Central American migrants are beginning to turn ‘self-deport” back to their homeland rather than continue to stay in the temporary camp stationed within a sports complex in Tijuana, Mexico.

Despite traveling as much as 4,500 miles – much of it on foot – hundreds of migrants have already accepted free flights home rather than stay longer in the filth-strewn sports complex that has become their temporary home in Tijuana, Mexico.
Lice and respiratory infections are becoming endemic inside the Benito Juarez sports complex and health workers warn that it’s a matter of ‘when, not if’ an outbreak of serious disease sweeps the scruffy labyrinth of tents and tarps sheltering an estimated 6,000 people.

Tijuana’s Health Department revealed on Thursday that there are cases of migrants suffering from tuberculosis, chickenpox, skin infections, and there is now a risk of an hepatitis outbreak due to the squalid conditions.

So far, there have been three confirmed cases of tuberculosis, four of chickenpox, and four cases of HIV/AIDS.

There is also the threat of Hepatitis A, which has plagued neighboring San Diego recently. A significant factor contributing to the spread of disease and pests is the limited availability of sanitation.

The location also has only 35 portable bathrooms. A sign reading “No Spitting” was put up, as coughing and spitting by migrants are rampant in the shelter.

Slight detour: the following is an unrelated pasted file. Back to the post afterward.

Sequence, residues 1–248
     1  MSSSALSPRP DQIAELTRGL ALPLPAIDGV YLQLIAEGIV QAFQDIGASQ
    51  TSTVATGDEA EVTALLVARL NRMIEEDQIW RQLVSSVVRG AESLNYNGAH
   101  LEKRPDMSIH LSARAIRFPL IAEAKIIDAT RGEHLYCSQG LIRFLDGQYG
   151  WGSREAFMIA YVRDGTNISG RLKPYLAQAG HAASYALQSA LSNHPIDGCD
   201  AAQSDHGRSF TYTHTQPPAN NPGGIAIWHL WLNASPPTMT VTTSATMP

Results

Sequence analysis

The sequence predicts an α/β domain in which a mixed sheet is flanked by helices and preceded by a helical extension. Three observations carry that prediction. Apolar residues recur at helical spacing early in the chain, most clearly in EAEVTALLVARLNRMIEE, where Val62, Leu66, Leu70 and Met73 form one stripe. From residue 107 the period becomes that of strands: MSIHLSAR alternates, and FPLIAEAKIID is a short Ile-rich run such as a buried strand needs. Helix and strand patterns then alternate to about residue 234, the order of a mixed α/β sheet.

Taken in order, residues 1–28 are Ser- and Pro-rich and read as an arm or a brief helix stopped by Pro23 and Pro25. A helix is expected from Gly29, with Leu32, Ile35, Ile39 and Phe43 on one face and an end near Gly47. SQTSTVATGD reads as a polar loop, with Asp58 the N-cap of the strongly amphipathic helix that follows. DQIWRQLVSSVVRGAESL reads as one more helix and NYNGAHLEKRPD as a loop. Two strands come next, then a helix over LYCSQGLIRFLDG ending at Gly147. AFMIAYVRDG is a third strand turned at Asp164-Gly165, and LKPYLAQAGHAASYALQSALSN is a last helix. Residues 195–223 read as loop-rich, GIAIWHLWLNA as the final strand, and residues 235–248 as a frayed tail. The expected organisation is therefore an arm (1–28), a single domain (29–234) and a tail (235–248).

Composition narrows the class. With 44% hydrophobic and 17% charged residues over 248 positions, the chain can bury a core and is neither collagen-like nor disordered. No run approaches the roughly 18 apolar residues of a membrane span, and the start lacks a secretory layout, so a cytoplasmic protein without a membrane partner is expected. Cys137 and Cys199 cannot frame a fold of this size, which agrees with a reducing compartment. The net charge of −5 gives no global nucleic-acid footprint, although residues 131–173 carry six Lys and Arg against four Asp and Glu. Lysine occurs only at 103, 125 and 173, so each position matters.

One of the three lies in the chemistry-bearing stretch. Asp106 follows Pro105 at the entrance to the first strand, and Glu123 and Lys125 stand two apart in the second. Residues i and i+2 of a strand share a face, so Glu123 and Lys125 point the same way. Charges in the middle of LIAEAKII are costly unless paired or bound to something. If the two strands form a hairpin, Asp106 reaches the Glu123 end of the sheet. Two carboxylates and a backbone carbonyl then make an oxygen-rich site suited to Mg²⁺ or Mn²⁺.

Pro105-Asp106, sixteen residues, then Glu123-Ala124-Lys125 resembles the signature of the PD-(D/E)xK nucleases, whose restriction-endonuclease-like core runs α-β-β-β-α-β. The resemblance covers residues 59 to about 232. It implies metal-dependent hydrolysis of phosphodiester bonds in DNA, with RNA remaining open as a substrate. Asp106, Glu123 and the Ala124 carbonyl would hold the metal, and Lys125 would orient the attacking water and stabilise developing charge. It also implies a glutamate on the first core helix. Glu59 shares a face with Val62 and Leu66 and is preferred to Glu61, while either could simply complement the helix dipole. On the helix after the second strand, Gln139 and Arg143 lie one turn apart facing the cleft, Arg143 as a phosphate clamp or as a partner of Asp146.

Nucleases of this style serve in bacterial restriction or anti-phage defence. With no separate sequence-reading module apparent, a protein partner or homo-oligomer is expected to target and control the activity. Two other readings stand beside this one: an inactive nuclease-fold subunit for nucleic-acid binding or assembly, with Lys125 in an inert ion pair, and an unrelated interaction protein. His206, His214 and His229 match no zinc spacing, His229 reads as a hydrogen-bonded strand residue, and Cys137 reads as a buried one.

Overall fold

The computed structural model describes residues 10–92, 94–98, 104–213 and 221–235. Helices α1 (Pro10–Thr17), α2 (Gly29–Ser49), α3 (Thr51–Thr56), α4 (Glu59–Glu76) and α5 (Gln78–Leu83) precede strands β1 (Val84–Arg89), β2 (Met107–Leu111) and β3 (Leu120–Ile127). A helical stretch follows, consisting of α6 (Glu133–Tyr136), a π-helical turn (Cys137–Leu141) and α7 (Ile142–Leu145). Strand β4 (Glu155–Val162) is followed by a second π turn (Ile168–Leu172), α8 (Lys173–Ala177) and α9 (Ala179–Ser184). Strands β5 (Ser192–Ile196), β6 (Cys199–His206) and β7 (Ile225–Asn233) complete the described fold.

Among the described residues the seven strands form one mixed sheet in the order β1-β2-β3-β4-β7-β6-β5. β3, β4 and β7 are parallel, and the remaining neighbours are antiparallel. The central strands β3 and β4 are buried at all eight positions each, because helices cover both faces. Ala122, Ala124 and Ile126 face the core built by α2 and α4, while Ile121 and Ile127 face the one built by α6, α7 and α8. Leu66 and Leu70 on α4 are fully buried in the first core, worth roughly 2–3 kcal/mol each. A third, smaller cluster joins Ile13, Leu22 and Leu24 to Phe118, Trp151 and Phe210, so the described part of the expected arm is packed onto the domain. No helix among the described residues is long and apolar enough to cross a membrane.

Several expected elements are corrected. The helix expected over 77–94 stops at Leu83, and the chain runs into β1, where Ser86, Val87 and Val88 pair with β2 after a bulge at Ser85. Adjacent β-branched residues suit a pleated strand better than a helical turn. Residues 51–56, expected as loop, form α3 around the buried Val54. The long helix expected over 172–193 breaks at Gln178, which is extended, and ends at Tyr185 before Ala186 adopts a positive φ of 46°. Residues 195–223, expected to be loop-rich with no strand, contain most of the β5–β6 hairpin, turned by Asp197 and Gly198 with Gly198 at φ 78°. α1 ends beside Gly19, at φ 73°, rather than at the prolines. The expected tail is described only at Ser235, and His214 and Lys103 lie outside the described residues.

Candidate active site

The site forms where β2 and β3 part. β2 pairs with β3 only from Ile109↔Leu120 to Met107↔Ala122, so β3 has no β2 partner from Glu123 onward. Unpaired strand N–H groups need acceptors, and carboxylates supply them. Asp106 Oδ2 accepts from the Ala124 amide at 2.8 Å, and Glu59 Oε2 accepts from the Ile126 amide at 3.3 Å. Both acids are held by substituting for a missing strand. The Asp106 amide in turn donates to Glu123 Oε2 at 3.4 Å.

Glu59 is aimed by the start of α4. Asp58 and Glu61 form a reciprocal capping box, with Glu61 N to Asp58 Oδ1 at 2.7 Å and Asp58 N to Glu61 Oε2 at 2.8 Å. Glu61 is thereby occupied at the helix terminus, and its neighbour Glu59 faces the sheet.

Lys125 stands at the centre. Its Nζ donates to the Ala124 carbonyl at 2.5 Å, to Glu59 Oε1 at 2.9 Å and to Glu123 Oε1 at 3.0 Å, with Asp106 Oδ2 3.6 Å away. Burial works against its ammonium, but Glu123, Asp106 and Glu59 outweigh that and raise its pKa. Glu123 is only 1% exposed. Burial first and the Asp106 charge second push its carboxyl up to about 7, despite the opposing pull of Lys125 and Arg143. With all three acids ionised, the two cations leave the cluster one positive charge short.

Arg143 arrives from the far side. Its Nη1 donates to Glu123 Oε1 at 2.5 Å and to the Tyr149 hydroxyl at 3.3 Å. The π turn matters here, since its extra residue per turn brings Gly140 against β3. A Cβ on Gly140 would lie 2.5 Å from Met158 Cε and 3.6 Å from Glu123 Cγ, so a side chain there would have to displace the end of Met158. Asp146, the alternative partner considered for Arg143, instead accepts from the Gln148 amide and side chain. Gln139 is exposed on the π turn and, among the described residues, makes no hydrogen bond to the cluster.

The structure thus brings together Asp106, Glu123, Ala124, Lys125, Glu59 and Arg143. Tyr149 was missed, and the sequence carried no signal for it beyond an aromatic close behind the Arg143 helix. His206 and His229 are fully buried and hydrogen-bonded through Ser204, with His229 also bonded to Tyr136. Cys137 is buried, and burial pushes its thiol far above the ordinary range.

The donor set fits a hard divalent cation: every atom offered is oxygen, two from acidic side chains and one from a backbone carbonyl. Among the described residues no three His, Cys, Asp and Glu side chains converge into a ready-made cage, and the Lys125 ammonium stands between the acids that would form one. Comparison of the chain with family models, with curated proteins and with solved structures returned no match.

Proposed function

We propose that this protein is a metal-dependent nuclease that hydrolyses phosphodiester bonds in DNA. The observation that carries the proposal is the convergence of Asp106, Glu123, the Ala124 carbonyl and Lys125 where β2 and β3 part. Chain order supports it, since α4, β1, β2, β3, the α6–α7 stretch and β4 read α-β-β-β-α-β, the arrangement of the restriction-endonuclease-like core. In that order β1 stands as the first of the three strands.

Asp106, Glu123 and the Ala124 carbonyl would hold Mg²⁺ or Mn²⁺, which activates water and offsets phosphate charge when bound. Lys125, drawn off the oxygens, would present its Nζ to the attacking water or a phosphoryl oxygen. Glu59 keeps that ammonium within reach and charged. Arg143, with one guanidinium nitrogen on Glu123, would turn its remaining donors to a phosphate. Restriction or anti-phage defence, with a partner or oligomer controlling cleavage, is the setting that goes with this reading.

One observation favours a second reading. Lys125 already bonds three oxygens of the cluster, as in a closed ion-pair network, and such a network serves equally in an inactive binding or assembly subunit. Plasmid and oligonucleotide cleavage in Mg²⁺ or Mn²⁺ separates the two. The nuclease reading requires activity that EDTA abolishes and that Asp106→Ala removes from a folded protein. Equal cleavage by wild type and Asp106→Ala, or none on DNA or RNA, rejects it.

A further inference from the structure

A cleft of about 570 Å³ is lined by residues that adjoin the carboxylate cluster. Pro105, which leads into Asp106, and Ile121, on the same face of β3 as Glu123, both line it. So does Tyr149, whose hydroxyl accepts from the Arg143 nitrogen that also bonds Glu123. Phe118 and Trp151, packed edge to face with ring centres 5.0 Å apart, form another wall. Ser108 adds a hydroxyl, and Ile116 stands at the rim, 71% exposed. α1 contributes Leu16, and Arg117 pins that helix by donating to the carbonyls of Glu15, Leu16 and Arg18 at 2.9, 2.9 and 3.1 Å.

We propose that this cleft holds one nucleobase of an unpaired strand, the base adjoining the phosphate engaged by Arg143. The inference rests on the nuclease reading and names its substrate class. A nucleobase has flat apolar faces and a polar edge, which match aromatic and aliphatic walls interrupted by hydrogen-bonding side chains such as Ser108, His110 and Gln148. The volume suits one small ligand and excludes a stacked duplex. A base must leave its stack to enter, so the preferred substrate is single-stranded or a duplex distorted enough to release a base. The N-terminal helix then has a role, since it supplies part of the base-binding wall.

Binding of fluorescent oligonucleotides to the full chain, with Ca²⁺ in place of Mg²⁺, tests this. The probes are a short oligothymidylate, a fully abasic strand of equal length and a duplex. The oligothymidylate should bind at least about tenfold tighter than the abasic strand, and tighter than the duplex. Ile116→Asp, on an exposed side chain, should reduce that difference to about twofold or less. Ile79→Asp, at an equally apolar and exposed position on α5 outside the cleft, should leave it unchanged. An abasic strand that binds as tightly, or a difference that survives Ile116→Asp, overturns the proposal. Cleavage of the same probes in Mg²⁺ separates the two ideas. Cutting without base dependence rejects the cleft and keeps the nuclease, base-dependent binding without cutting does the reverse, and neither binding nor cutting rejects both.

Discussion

Tijuana Mayor Juan Manuel Gastelum said Tuesday that the city has enough money to assist the migrants only for a few more days, with the city saying it’s spending around $30,000 a day.

“We won’t compromise the resources of the residents of Tijuana,” Gastelum said during a press conference. “We won’t raise taxes tomorrow to pay for today’s problem.”

Migrants are beginning to give up hope. Not only is there a threat of catching a serious illness, but it also turns out that getting into the United States was much harder than the migrants may have been led to believe.

Facing a hostile welcome and little hope, a growing number of migrants have decided to turn back.

“We’re going home defeated, but alive,” said Yaison Roca, 29, a Honduran man travelling with his wife and three children who took part in Sunday’s border stampede and says the crackdown left his family traumatised.

On Monday, a line formed outside a tent set up by the International Organisation for Migration where migrants could ask to be sent home voluntarily. More than 80 requested help from the United Nations body that day, up from just a handful in previous days, officials said.


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